By mid-afternoon MV Number 9 had been hit by a missile, again causing damage but no casualties. An hour later MV Sophie II was hit without casualties. The follow-up drone after the Sophie strike was also destroyed by the Carney. In total, there were four missile attacks of which three hit and three drone follow-ups, all in the space of seven hours. How long can this be allowed to go on for?
I have written up the situation in the region five times now since 7 October and each time have been increasingly confident that the US was about to take punitive action for the ongoing attacks. This is based on many years operating alongside them at sea and also the fact that in 2016, missiles were fired at USS Mason and this was met almost immediately with Tomahawk counter-strikes on key Houthi radar sites. This used to be the way, and all the US destroyers in the area will have Tomahawks aboard.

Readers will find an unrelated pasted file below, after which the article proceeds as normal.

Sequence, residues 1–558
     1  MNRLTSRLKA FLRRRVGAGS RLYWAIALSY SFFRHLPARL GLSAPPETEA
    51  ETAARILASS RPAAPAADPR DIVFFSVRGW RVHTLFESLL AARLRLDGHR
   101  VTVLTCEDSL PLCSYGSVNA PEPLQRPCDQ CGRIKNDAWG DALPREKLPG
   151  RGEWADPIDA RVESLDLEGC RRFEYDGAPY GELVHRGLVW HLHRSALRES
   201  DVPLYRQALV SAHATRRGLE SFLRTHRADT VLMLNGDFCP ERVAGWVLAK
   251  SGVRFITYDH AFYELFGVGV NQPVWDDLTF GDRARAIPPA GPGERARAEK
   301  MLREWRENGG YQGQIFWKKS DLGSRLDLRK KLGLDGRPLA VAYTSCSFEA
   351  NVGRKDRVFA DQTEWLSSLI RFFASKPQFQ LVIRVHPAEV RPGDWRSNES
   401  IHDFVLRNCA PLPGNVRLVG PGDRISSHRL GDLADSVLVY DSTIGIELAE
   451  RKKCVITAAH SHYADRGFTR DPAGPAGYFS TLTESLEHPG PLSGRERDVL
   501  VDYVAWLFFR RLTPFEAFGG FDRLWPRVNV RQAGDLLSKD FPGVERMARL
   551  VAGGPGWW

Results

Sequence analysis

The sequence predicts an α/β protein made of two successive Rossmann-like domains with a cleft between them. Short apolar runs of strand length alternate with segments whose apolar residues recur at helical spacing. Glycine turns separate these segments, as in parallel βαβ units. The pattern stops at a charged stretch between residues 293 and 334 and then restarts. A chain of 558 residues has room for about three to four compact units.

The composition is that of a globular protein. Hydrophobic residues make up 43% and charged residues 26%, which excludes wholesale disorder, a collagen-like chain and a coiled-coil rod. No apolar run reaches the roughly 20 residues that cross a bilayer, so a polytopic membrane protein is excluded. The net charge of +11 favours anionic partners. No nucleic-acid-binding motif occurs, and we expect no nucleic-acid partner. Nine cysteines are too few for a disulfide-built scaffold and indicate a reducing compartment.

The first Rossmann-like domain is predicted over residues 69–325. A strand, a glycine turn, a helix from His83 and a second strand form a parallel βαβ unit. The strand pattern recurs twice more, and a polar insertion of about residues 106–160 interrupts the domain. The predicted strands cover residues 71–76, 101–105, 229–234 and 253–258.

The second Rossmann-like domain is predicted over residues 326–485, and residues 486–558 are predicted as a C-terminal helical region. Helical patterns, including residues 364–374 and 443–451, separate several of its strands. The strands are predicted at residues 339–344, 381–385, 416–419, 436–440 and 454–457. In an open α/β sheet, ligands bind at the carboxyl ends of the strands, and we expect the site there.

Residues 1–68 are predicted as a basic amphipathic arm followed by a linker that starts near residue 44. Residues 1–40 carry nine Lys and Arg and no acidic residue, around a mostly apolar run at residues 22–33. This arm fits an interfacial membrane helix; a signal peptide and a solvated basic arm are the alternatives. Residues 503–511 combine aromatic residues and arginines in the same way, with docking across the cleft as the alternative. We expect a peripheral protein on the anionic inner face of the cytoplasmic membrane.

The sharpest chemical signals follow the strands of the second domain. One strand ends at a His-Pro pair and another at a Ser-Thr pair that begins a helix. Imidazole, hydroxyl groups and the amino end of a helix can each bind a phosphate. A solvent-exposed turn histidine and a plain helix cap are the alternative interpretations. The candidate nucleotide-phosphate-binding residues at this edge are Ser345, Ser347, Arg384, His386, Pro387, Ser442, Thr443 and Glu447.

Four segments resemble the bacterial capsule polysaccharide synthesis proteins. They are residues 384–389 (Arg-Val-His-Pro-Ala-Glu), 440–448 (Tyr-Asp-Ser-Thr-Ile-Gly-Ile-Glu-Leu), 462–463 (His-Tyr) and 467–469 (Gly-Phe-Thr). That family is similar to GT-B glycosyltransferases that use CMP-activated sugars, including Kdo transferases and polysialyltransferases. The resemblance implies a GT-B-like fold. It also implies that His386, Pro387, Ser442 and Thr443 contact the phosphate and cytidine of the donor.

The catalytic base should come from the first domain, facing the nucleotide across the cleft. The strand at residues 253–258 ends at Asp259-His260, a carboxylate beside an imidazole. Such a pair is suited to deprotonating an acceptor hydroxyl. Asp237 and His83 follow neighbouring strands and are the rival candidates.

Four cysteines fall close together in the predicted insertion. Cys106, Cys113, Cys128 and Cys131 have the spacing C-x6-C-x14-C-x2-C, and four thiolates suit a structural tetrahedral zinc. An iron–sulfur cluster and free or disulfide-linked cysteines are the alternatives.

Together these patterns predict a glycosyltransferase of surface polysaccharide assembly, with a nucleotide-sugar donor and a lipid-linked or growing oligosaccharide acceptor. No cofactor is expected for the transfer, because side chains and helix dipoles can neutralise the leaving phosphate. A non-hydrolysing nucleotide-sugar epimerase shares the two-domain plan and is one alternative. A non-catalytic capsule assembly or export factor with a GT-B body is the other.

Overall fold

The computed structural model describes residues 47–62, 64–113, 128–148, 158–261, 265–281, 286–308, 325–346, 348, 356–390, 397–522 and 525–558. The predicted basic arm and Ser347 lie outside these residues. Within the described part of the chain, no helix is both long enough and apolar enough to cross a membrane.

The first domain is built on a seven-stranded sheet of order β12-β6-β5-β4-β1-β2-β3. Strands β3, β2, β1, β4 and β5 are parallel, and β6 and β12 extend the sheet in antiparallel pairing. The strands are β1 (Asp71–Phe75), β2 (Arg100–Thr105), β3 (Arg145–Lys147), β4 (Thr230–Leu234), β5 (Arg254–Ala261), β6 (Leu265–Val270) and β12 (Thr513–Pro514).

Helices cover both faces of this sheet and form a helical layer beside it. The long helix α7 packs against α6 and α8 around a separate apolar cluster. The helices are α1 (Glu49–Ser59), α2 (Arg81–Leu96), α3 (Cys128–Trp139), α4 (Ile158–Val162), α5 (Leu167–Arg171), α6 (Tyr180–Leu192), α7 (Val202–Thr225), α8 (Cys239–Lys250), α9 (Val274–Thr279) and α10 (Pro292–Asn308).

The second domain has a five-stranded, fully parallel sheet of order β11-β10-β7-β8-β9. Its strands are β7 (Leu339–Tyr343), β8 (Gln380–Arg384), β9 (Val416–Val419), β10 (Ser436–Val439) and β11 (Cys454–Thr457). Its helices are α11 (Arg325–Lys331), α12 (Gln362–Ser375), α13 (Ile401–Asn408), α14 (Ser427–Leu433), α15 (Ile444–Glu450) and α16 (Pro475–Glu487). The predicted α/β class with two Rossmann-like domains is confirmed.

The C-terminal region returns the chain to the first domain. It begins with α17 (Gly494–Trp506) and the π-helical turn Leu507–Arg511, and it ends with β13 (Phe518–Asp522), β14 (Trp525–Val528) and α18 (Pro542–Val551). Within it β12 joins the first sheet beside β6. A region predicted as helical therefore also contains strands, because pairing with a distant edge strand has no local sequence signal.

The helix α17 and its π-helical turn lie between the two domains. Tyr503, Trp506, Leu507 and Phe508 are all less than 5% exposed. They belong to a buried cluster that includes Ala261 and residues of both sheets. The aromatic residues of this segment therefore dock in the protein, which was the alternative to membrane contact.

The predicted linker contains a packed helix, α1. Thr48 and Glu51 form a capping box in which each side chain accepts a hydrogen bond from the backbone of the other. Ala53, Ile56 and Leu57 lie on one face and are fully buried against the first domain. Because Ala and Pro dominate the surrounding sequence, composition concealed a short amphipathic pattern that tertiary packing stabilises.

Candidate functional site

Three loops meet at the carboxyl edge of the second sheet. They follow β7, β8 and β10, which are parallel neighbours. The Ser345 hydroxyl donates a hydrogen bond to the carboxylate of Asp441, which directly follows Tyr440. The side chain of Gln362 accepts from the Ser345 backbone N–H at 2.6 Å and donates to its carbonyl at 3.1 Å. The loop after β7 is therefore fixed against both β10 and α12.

Clearly it isn’t the way now, although there are plenty who would agree with Obama-era CIA Director and Defence Secretary Leon Panetta who stated over the weekend: “I would be much more aggressive. I want to go after those who are firing missiles at our troops and make sure they understand that when they fire a missile – they are going to die.”
The US Navy has many options apart from its Arleigh Burke destroyers and their land-attack Tomahawks. The Dwight D Eisenhower carrier strike group passed through the Red Sea during the early exchanges as did the USS Florida, an Ohio class nuclear-powered submarine armed with up to 154 Tomahawks and probably carrying a force of Navy SEAL special forces. Two ships of the Bataan amphibious ready group, carrying elements of the 26th Marine Expeditionary Unit (26 MEU) are still in the Red Sea. All of these could conduct either kinetic or surgical strikes in retaliation.
But still, nothing. The Pentagon seems to be going the other way and is at pains to say ‘nothing was aimed directly at us’ on each occasion. This may or may not be true but if you were to flip it and wanted an excuse to strike, there have now been plenty.